The Art of Midwifery is the first book to examine midwives' lives and work across Europe in the early modern period. Drawing on a vast range of archival material from England, Holland, Germany, France, Italy and Spain, the contributors show the diversity in midwives' practices, competence, socio-economic background and education, as well as their public function and image. The Art of Midwifery is an excellent resource for students of women's history, social history and medical history.
Table of Contents
Ann Hess, Vanderbilt University USA; Doreen Evenden, Trent University, Ontario, Canada; David Harley, University of Oxford; Merry Wiesener, University of Wisconsin, USA; Mary Lindemann, Carnegie Mellon University, USA; Nina Gilbert, Los Angeles, USA; Teresa Ortiz, University of Granada, Spain; Nadia Filippini, Venice, Italy; Helen King, Liverpool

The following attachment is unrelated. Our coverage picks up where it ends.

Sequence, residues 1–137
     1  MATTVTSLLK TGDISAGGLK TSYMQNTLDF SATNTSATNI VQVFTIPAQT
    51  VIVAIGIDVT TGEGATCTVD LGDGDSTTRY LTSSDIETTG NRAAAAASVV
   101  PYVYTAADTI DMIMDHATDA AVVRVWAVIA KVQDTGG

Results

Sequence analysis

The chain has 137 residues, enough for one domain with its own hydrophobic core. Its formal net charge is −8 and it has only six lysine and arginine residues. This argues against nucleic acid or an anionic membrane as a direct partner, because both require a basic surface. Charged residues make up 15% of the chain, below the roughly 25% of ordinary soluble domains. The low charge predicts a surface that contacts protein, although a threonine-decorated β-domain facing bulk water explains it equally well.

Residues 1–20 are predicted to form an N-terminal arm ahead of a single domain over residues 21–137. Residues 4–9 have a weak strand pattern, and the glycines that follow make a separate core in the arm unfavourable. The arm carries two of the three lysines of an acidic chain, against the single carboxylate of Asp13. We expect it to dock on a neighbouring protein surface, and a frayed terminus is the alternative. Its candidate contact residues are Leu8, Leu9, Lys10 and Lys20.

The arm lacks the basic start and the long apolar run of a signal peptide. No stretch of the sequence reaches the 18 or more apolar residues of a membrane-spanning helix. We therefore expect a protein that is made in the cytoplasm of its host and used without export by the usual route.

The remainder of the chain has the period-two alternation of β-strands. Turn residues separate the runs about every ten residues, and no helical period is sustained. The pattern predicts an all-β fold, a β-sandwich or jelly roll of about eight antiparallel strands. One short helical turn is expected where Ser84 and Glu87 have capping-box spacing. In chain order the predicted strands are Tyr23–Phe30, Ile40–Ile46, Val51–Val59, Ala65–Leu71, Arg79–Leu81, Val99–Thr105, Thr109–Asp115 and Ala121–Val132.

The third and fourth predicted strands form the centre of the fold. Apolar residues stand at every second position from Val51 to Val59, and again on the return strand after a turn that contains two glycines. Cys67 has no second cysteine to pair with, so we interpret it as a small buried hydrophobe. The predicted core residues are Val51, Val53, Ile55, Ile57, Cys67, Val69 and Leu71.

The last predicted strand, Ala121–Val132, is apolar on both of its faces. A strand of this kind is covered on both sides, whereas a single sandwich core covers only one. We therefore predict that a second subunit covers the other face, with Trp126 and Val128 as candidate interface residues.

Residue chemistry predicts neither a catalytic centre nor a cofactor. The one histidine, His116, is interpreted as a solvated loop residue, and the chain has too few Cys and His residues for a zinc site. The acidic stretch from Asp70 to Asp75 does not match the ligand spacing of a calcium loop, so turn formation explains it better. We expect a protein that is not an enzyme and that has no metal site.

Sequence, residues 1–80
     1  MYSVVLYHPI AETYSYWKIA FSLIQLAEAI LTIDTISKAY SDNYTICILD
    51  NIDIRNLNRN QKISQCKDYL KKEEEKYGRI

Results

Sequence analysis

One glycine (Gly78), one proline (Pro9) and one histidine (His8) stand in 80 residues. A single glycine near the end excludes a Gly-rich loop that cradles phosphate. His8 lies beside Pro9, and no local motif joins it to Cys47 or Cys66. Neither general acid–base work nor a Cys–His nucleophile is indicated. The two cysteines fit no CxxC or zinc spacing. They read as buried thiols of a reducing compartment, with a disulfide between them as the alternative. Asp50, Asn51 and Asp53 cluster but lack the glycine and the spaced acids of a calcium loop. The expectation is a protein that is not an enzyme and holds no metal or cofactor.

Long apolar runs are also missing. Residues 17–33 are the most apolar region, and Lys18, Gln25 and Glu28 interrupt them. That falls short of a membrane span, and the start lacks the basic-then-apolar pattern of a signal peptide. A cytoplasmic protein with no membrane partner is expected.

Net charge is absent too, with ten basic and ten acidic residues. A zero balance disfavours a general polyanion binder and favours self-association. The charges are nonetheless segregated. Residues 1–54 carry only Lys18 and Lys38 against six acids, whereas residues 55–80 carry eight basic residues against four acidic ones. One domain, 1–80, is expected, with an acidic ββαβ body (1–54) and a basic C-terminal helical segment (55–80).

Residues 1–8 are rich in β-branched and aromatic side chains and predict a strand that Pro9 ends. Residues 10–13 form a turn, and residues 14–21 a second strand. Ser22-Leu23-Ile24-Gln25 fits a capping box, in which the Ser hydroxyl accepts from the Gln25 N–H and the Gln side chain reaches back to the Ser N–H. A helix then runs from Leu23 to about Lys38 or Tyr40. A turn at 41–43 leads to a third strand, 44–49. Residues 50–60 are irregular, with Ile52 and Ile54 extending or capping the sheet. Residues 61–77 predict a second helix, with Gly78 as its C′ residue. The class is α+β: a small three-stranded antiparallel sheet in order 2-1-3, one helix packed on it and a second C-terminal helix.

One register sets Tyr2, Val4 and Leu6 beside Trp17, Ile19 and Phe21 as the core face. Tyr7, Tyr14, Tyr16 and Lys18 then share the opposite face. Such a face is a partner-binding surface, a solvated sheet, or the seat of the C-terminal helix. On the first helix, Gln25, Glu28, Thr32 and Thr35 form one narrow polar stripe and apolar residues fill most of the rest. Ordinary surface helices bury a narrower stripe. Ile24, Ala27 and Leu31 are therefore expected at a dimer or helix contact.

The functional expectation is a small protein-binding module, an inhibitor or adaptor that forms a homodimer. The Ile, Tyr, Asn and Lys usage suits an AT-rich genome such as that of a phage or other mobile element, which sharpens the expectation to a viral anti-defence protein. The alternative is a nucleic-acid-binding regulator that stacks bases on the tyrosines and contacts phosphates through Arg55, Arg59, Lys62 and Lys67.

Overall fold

`It is unusual for series of historical essays to break so much new ground in such an exciting way. It is no exaggeration to say that this is probably the most important contribution to the history of medwives ever produced.' - Gender & History
`The essays open up new fields, reversing what has been the dominant focus upon the diminishing role of midwives against what the male doctors since the nineteenth century. An international scholarly cast takes a Europe-wide view, shattering traditional perceptions of the `old witch' whilst revealing complex local variations in the social status of midwives.' - British Book News
`A fascinating survey of the life, work and social standing and public role of midwives.' - Ornella Moscucci, Times Literary Supplement
`An international scholarly cast takes a Europe-wide view, shattering traditional perceptions of the `old witch' whilst revealing complex local variations in the social status of midwives.' - British Book News